Cinespia

Hollywood Forever Cemetery

Cinespia is an organization that hosts on-site screenings of classic films in and around Los Angeles, California. Launched in 2002, Cinespia shows films from the 1930s through the 1990s mostly in open-air settings at historic locations. Its most popular series runs weekly between May and August on Saturday (and occasionally Sunday) nights at the Hollywood Forever Cemetery. In addition, it screens films, both contemporary and canonical, at other locations throughout the year.

The series was the brainchild of John Wyatt, a set designer then in his mid-twenties. A student of influential film lecturer Jim Hosney at the Crossroads School in Santa Monica, Wyatt initially formed an Italian cinema club with friend Richard Petit, which evolved into Cinespia. The name is a portmanteau of the Italian word for film, ‘cine,’ and the third person singular conjugation of the verb ‘spiare,’ meaning ‘to observe,’ or more commonly, ‘to spy.’ Conjoined, cinespia was intended to suggest a film enthusiast or ‘watcher of films,’ although the actual term for film buff in Italian is ‘cinofilo.’ Cinespia, by contrast, means literally ‘he spies in the movie theater’ or ‘cinema spy.’

After attending a Valentino birthday celebration at the Hollywood Forever Cemetery in 2002, Wyatt approached the owners through a friend who worked there and arranged a screening of Alfred Hitchcock’s ‘Strangers on a Train’ using two 35mm projectors with a changeover mechanism on the back of a pickup truck. Eighty people showed up for the initial screening, and a follow-up screening of Sam Fuller’s ‘Pickup’ on South Street brought out an audience of a thousand. They showed four films the first season, favoring mid-century classics that might be rediscovered by a younger audience, and roughly 25 films every summer thereafter.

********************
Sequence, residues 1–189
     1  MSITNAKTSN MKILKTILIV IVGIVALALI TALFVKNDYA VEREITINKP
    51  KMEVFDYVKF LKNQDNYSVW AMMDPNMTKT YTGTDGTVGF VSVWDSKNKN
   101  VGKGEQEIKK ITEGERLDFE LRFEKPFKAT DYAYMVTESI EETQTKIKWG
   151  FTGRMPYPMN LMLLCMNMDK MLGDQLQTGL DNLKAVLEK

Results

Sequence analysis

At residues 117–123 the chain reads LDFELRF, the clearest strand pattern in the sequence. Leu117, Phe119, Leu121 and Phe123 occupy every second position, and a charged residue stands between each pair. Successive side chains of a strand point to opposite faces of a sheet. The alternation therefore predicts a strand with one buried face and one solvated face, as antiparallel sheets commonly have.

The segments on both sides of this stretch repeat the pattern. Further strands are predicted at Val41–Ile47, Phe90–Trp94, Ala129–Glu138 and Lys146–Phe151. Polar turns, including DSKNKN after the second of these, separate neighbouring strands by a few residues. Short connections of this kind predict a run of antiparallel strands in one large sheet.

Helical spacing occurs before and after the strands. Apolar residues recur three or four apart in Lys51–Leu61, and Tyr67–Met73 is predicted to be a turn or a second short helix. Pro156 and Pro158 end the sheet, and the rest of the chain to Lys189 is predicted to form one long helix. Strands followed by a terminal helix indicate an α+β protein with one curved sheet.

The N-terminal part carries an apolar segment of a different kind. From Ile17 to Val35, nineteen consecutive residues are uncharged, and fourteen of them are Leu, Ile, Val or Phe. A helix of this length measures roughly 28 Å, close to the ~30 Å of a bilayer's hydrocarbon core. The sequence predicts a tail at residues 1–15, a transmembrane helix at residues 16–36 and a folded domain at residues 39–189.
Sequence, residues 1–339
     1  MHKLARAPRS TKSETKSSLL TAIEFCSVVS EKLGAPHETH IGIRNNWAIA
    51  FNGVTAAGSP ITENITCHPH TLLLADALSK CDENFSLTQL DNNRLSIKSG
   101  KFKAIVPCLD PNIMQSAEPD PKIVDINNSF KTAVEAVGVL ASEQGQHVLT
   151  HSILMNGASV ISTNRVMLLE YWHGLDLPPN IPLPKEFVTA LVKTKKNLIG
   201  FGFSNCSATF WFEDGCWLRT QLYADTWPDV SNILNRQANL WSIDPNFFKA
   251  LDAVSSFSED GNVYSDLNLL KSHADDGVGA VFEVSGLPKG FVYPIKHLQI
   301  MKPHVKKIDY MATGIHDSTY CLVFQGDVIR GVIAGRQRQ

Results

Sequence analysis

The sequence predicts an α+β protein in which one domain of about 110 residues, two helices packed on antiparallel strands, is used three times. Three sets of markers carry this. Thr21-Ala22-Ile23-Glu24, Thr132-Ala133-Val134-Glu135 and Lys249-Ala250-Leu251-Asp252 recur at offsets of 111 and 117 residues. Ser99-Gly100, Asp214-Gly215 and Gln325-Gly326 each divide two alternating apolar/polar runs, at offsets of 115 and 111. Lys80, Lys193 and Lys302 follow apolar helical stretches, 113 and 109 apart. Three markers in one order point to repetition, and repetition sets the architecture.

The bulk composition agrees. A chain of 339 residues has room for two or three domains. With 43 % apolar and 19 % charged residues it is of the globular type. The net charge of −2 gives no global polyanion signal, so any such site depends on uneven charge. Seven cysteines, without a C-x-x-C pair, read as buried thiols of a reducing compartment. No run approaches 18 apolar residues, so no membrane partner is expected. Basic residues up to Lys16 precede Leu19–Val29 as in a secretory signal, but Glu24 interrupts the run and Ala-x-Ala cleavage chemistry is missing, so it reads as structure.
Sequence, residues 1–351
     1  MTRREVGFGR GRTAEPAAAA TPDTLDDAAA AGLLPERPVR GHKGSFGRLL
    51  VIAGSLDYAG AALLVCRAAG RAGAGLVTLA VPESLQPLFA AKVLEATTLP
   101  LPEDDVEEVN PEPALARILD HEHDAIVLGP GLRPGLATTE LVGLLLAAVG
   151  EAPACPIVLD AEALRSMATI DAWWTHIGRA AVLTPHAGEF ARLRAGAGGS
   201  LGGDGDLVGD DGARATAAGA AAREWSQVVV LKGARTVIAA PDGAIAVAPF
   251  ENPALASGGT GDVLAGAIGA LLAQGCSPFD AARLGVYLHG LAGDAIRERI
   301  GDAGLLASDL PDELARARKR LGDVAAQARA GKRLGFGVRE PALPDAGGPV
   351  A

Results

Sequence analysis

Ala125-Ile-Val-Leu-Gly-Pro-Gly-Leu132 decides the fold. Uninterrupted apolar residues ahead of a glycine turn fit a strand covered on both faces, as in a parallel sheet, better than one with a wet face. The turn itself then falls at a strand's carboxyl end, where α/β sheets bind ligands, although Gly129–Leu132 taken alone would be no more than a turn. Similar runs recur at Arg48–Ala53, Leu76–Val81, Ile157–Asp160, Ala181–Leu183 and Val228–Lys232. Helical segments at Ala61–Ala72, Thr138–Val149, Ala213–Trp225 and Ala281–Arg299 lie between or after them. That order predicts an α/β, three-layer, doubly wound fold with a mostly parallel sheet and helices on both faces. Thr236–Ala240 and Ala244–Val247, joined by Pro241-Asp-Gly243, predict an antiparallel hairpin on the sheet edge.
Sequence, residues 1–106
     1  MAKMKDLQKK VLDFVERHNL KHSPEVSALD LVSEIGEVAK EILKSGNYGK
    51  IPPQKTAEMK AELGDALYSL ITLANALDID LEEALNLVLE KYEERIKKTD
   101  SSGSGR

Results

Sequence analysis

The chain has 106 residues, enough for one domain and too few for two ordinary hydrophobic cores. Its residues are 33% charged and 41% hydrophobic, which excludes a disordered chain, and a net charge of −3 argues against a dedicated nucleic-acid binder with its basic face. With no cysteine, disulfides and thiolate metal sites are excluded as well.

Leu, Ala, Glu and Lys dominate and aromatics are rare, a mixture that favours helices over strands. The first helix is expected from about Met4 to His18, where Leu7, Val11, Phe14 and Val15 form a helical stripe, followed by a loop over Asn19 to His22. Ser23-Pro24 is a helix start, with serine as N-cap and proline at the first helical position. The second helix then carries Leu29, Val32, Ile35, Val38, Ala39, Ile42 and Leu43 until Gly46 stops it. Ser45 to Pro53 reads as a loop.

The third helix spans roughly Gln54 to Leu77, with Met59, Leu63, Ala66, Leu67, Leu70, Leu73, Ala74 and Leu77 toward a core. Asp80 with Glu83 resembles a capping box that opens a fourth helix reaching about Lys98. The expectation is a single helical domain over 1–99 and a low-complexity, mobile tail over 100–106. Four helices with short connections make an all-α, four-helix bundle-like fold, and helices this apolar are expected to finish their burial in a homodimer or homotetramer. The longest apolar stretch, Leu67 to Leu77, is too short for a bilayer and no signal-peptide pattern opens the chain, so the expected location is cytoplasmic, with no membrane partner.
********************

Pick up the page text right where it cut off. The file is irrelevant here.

Hollywood Cemetery, formerly Hollywood Memorial Park Cemetery, paralleled the rise of the film industry with its founding in 1899, but was in significant disrepair by the time it was purchased by Tyler Cassity in 1998. According to Wyatt, the cemetery was ‘dilapidated, overgrown, totally closed when the current owners took over,’ and money from the screenings helped to restore it to its original beauty. The cemetery shares a common wall with Paramount Studios, the last of the classical studios still to be located in Hollywood. The concentration of Hollywood talent interred there made it a natural setting for the hallmarks of a century of cinematic achievement. Famous residents include Jayne Mansfield, John Huston, Dee Dee and Johnny Ramone, Victor Fleming, Peter Lorre, Fay Wray, and Bugsy Siegel.

Numerous celebrities and filmmakers have shown up to introduce screenings: Tatum O’Neal for ‘Paper Moon’; Paul Reubens for ‘Pee-wee’s Big Adventure’; Amy Heckerling and Drew Barrymore for ‘Fast Times at Ridgemont High’; Karen Black for ‘Easy Rider’; Charlie Ahearn, Fab Five Freddy and Patti Astor for ‘Wild Style’; and the real Henry Hill for ‘Goodfellas.’

In recent years, Cinespia has expanded its screenings to include other venues. A semi-regular series was launched in 2008 at the open-air pool of the Hollywood Roosevelt Hotel in conjunction with the Masses, an arts collective and directors agency. A screening of the Werner Herzog 3-D documentary ‘Cave of Forgotten Dreams’ was held at the Natural History Museum of Los Angeles County in 2011 as part of the MOCA retrospective ‘Art in the Streets.’ (The implicit connection was that the 30,000-year-old Chauvet-Pont-d’Arc cave paintings depicted in the film were ostensibly the first recorded example of street graffiti.)

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